With guidance from Ferring Conservation Group committee member Pete Coe, himself a former officer of the Royal Engineers, a line of volunteers each with a bucket met on Patterson’s Walk on the morning of Friday 28th July. Under Pete Coe’s direction a human chain was formed between the Pill Box along the beach towards the sea and the muddy water was removed and bucketful after bucketful was passed along the line and dispersed along the beach. Grateful thanks go to West Worthing MP Sir Peter Bottomley and Arun district councillors Mark Turner and Lesley-Anne Lloyd together with the many other volunteers, including one of the youngest members of Ferring Conservation Group, 11 year old Eoin Kearns, whose strength and enthusiasm matched that of any of the adults present.
Once the roof had been properly sealed the next stage of the project was to open up the bricked-up embrasures where the guns were mounted and install either vandal-proof glass or Perspex. This will enable visitors to appreciate the view the soldiers had from inside the Pill Box.
As well as leading the practical work Pete Coe will continue with further research with assistance from Martin Mace the author of Frontline Sussex: Defence Lines of West Sussex 1939-1945 who was also one of the volunteers helping with the practical work on the 28th July.
Please note that our four clean up dates for this year (2023) have been arranged, and details are available in the Beach Clean Dates section of this website. These will now be held on Sundays, and not Saturdays as previously. The first one will be the Rife clean up on Sunday 26 March at 11am.
*Update as of Mon 14 Nov – due to the poor weather forecast for this Weds of rain and strong winds, and the exposed location of the walk on the Downs, we have postponed this walk. We hope to re-schedule it soon*
Birdwatching visit to the Burgh, near Burpham village on Weds 16 November, and will be led by our local expert, Clive Hope. This area is very good for seeing raptors and game birds hopefully, with the chance of seeing a Short Eared Owl. Lifts can possibly be arranged (please make contact via the contact button on the website if required), and the meeting point will be at 1.30pm at the triangle just north of the village, where there is some parking. Binoculars would be very useful. It is expected that the visit will last 2 hours or so, but as always is weather dependent.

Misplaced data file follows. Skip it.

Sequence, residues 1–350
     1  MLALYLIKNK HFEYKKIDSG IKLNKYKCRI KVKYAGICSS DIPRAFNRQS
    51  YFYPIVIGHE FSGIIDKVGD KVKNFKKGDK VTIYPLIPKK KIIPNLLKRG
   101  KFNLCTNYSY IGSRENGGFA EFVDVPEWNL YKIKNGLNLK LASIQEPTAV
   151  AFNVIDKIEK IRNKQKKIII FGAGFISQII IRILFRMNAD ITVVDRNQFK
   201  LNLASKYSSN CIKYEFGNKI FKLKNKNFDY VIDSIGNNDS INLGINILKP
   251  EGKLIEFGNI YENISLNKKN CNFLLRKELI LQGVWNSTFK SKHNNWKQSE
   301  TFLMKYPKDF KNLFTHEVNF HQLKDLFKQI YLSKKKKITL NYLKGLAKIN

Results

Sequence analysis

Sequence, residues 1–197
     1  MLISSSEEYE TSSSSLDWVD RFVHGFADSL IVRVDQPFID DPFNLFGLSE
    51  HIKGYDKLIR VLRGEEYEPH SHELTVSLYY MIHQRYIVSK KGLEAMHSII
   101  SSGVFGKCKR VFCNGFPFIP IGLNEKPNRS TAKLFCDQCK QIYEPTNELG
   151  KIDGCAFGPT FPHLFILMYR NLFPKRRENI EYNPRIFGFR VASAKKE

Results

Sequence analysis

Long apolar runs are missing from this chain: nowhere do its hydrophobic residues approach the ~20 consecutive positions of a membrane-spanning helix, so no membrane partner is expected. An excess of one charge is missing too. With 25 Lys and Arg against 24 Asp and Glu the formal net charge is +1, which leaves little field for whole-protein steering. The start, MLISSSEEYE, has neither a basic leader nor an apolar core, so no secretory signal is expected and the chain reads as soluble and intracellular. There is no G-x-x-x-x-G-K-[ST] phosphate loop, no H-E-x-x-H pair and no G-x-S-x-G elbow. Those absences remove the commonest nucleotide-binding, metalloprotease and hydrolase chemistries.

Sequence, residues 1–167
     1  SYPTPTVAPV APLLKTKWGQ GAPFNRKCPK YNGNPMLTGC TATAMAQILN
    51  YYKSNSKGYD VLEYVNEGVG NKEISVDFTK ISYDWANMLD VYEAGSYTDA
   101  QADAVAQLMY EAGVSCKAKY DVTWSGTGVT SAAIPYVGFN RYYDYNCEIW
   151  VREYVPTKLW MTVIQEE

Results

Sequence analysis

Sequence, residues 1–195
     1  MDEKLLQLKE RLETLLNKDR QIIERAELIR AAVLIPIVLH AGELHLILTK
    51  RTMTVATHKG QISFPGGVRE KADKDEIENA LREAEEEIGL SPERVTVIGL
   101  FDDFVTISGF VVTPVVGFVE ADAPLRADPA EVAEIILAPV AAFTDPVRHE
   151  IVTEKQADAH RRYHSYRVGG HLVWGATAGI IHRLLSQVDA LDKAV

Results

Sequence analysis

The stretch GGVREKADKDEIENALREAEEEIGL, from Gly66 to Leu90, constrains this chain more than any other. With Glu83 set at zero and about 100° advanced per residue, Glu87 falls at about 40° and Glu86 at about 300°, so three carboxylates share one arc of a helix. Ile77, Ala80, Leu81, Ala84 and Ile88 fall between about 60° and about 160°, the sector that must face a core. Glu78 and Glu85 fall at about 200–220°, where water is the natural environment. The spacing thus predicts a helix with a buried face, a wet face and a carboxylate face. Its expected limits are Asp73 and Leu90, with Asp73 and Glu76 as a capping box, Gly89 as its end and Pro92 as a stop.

Warren Pond in the southern part of Ferring is a better place for birds thanks to Ferring Parish Council and the Conservation Group. The pond, near the junction of Florida Road and The Warren, is owned by the Council and is managed in partnership with the Group as a nature reserve, being one of the last remaining wild places in the village which makes it so valuable for wildlife.
The Council has funded a variety of bird nestboxes, and four of these have been installed by Conservation Group members at various locations around the pond. Two were the hardwearing woodcrete designs for tits (these are resistant to woodpeckers and squirrels), and the others were of timber construction being open fronted and more suitable for robins or wrens. One other series of 3 joined nestboxes for sparrows who like to nest in proximity to others of the same species has also been installed in another location in the village near to the Rife.
David Bettiss, Chairman of the Group, who installed the boxes at the pond together with committee members Graham Tuppen and Tricia Hall said “These boxes funded by the Parish Council are a really useful addition to the wildlife habitats of the village and we hope they’ll be used on a regular basis by some of our birds. Certainly the boxes we’ve already put up around the village in various places are used every year and this can be seen when we check and clean them in the Winter. We’re very grateful to the Council for this initiative.”
He continued, “As our wildlife across the country is coming under increasing pressure due to loss of habitat, boxes like these are really helpful to assist our birds to breed successfully. We timed this installation to coincide with National Nestbox week in February, and we’d encourage as many of our local residents as possible to put up one box or more in their gardens. Please do it as soon as possible though as birds will already be prospecting for suitable sites. A site on a tree trunk, facing north or east away from prevailing winds and hot sun and about 2-3m high is ideal. Then you’ll have done your bit for our local birds as well.”